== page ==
You can see Dear Pamela’s Memoir Book Trailer below. Follow her @austencats.

First Editing ServicePamela Jane heads the First Editing Service and invites you to contact her if you are interested. Click Here for more information.

The First Editing Service offers a great (and inexpensive) way to see where you have been and where you are going. Pamela’s understanding and insights have helped others with their memoirs and can help you move forward on your writing path.

Reviews of An Incredible Talent for Existing: A Writer’s Story

“…Jane takes us masterfully through her story of a lifelong writer struggling to emerge.” —Deborah Heiligman, author, Charles and Emma: The Darwins’ Leap of Faith, a National Book Award Finalist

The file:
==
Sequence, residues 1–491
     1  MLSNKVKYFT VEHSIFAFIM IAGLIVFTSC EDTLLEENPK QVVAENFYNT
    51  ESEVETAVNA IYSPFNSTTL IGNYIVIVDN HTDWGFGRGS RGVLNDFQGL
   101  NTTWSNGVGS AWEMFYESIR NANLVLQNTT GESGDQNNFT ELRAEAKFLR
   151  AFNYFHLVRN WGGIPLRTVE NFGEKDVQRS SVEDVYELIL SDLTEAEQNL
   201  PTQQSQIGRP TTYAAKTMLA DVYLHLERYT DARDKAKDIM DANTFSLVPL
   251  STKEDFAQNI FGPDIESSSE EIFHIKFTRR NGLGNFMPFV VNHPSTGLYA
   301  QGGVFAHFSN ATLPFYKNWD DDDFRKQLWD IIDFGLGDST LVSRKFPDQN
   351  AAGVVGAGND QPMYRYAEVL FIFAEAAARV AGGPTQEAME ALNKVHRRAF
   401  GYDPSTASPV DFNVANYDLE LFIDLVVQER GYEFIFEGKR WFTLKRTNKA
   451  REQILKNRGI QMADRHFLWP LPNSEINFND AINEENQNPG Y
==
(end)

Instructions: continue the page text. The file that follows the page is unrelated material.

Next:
“…a fine, five-star read!” – Story Circle Reviews

“…incisive, funny, and touchingly candid…” —Howard Rheingold, author, The Virtual Community and Net Smart

“…a harrowing story that invites the reader to experience the thrill and danger of the Sixties from a place of safety and acceptance.” —Tristine Rainer, author, Your Life as Story

“…an inducement to all writers who aren’t afraid to take their past experiences and use them towards the future of their dreams…” – a comfychair

“Jane’s memoir…of the hundreds of memoirs I’ve read, is the only one that gives us the opportunity to go into the heart and mind, behind the flashy images of the Woodstock and hippies of the Sixties.” – Jerry Waxler, author The Memoir Revolution